Thomson Reuters Foundation

Inform - Connect - Empower

Refugee fears stoke isolation of Syrian researchers

SciDev - Tue, 7 Jan 2014 11:08 GMT
hum-ref hum-aid
Tweet Recommend Google + LinkedIn Email Print
Leave us a comment

Any views expressed in this article are those of the author and not of Thomson Reuters Foundation.

The civil war in Syria has already taken its toll on science, also forcing a major international research centre to relocate last year.

And now, with war in its third year, the reports are emerging of Syria’s scientists being prevented from travelling to conferences as they are refused visas from host countries, in what some think are fears from refugees.

The story began with a casual chat over dinner between me and a researcher who did not want to be named during the Arab Forum for Scientific Research and Sustainable Development last month (20-22 Decembers) in Tunis, Tunisia.

“Syrians are not welcomed anymore, and this means that researchers will not be able to attend science conferences or get any training or education.”

Anonymous researcher 

The researcher told me that a few months ago, he judged a research award for Arab countries, with an award ceremony held in the United Kingdom. The winner was from Syria, but unfortunately they couldn’t give him the prize in person because his request for a UK visa was rejected.

“Syrians are not welcomed anymore, and this means that researchers will not be able to attend science conferences or get any training oreducation,” he said.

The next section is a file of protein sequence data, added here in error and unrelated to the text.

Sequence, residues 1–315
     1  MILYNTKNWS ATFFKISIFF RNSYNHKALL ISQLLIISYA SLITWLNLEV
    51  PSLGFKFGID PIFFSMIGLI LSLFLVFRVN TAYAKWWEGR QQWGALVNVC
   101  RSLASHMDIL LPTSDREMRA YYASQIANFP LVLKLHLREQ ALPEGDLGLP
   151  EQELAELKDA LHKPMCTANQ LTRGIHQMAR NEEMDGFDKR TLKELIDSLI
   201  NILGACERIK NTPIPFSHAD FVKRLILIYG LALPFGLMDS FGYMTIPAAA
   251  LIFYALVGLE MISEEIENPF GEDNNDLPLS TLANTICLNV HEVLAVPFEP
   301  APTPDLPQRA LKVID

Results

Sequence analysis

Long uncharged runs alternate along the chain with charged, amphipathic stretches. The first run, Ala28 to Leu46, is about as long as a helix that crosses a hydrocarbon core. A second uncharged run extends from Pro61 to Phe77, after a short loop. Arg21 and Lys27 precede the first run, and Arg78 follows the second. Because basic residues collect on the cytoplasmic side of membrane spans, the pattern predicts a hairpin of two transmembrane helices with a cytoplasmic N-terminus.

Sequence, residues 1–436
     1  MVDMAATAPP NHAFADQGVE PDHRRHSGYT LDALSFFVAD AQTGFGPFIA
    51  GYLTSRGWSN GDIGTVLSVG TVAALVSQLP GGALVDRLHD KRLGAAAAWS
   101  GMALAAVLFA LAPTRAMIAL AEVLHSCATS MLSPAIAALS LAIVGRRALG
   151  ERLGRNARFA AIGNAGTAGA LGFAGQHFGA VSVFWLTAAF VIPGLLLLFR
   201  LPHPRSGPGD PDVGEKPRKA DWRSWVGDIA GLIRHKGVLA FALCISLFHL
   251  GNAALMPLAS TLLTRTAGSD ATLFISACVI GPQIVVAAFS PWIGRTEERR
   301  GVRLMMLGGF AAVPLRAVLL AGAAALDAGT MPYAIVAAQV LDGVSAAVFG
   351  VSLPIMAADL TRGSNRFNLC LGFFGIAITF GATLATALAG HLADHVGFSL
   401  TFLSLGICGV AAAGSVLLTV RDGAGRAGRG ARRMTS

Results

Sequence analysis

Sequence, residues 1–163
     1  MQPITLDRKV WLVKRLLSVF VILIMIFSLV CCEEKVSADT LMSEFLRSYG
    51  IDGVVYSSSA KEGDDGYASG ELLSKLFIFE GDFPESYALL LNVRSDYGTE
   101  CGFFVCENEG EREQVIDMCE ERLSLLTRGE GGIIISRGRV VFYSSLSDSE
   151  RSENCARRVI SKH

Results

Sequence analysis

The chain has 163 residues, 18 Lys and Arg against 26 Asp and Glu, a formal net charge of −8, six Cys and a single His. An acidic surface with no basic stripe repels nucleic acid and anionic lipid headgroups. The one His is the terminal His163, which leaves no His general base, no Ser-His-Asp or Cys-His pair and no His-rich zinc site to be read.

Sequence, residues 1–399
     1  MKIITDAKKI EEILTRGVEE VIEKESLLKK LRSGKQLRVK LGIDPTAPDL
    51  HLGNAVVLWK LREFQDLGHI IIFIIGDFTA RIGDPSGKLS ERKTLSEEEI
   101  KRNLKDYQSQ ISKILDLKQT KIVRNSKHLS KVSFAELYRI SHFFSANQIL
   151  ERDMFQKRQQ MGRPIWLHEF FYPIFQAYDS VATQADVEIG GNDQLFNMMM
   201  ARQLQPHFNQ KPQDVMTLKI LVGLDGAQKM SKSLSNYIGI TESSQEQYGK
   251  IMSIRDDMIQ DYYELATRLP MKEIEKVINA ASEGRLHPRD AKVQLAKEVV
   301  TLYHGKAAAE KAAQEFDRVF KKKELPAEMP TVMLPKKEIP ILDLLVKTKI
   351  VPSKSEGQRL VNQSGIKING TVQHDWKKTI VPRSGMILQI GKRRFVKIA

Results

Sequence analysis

His words reminded me of recent media reports of the UK government “turning its back on Syria’s refugees” and not joining the pledges of 16 other nations to allow more than 10,000 refugees into their territory. 

“Syrian researchers who live in countries like Egypt refuse to go to conferences abroad because they are afraid that the host country will not permit their entry again,” said Mohamed Mrayati, Syrian professor and chief UN consultant on ICT in Saudi Arabia.

He told me that he was denied a visa, too, for being a Syrian.

“I was invited as a key-note speaker for a conference in Kuwait, and though I visited the country many times before and also sent my visa documents one month before the conference, the visa was rejected.”

Mrayati told me that such travel restrictions will limit Syrian researchers’ contribution to research globally and regionally, as they will not be able to attend meetings or collaborate on international projects.  This will likely hinder their publishing and funding opportunities, too.

“This attitude toward Syria and Syrians is not noble,” said Mrayati.

We welcome comments that advance the story through relevant opinion, anecdotes, links and data. If you see a comment that you believe is irrelevant or inappropriate, you can flag it to our editors by using the report abuse links. Views expressed in the comments do not represent those of the Thomson Reuters Foundation. For more information see our Acceptable Use Policy.

comments powered by Disqus